IN RE: PIERCE'S ESTATE. PIERCE et al. v. PIERCE et al.
Walter V. Pierce died leaving a will naming L.B. Pierce, a brother, as executor, wherein he devised and bequeathed all of his estate, except two minor bequests, to Walter Phylipps Pierce, an adopted son, and his five brothers.
During the course of the probate proceedings Walter Phylipps Pierce, the adopted son, disappeared and was never located, and in the matter of Walter Phylipps Pierce, a missing person, L.B. Pierce was appointed trustee. Walter Phylipps Pierce had become indebted in a considerable sum and a creditor began suit against him and recovered a judgment for approximately $800. In due course, execution was issued upon the judgment against Walter Phylipps Pierce, and was levied upon his interest in the estate of Walter V. Pierce, deceased. In the meantime it appearing that Walter Phylipps Pierce could not be present to satisfy the judgment or to purchase the property at the execution sale, and that the interest of the missing heir was about to pass into the hands of a stranger to the estate, a petition was filed by L.B. Pierce, the executor, for authority to invest funds of the estate. The petition recited that some two or three years prior thereto Walter Phylipps Pierce disappeared and had not since been located or heard from; that the sheriff of Sacramento county was about to sell at public auction the interest of Walter Phylipps Pierce to satisfy a certain judgment and asked the court to authorize the executor in behalf of the estate to expend funds of the estate, not to exceed $800, in the purchase of the interest of Walter Phylipps Pierce. All of the heirs, legatees and devisees except Walter Phylipps Pierce, the missing heir, consented to the making of the order. Accordingly the order was made authorizing the executor to expend not more than $800.00 from the funds of the estate to purchase at execution sale the interest of Walter Phylipps Pierce in the estate.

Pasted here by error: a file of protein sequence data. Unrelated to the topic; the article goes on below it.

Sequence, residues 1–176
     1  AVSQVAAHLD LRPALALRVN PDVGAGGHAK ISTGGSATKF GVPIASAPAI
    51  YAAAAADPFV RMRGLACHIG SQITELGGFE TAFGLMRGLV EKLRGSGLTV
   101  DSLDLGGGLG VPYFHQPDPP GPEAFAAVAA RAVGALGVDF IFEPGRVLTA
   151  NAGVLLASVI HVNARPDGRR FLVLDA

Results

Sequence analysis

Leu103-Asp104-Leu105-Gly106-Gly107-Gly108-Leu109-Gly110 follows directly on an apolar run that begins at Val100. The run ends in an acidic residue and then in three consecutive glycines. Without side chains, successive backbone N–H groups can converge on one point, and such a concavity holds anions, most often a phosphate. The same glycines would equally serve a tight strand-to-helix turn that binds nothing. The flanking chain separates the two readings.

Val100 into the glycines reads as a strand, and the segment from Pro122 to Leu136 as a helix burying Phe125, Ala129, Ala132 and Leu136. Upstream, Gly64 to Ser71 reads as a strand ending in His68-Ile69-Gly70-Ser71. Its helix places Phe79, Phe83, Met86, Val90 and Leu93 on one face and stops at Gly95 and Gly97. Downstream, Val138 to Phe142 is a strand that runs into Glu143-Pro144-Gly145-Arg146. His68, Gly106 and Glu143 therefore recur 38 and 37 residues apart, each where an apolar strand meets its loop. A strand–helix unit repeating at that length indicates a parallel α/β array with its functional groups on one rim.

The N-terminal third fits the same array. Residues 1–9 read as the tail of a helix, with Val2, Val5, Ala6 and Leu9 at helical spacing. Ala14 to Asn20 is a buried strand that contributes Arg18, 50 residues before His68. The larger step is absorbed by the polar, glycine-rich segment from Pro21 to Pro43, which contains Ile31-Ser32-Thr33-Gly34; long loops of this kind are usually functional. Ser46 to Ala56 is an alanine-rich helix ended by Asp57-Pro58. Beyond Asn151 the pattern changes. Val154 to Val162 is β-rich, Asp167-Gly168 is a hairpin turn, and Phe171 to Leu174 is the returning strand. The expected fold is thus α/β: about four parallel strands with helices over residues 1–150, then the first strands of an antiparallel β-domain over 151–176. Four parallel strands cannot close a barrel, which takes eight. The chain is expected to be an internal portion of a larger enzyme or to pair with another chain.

Thereafter, in December, 1934, an order was made settling and approving the second account and report of the executor, which account showed a disbursement of $808.77 paid the sheriff at the execution sale, and in the report was a recital of the transaction as above set forth, which account and report was settled and approved by the probate court.
Thereafter the estate continued in the usual course until October 14, 1936, at which time the executor filed his petition for final distribution. After due notice, the court made its order for final distribution, setting over to the missing heir 1/36 of the residue of the estate and the remainder in equal proportions to the five surviving brothers.
Subsequent thereto, appellant, in his capacity as trustee for the missing heir (who was also, it will be recalled, the executor who had filed the petition in the probate proceeding asking the court to protect the estate by purchasing the interest of the missing heir at the execution sale, and who also filed a second account and report containing a detailed statement of the purchase and also his final account and petition for distribution) filed a petition asking the court to set aside its order for final distribution on the ground that the court was attempting to distribute the property in a manner not authorized by the will, and was acting in excess of its jurisdiction. This order was denied.
Shortly thereafter and in October, 1937, L.B. Pierce, as trustee, moved for an order vacating and setting aside the order authorizing the executor to invest funds of the estate made June 4, 1934. This motion was also denied. Thereupon an appeal was taken by L.B. Pierce personally, L.B. Pierce as executor, and L.B. Pierce as trustee of Walter Phylipps Pierce, a missing heir from that part of the decree of distribution distributing to L.B. Pierce as such trustee a 1/36 interest in the estate, and to each of the five brothers 7/36 of the estate.
The first point presented by appellant is that the order authorizing the investment of funds to purchase the interest of the missing heir was void. It may be true as pointed out by appellant, the Probate Code does not specifically sanction the investment of funds of an estate for the purchase of real property, but it does confer upon the court the general authority to order funds invested, so the order here made was not in excess of jurisdiction. Section 584 of the Probate Code provides: “* On the petition of the executor * and upon good cause shown therefor, the court may order any money * invested.” Being authorized to make an order concerning the investment of the funds of the estate any objection to the particular manner of exercising that power must be taken advantage of by direct appeal and not by collateral attack. Appellants have here overlooked the distinction between an excess of jurisdiction and a lack of jurisdiction.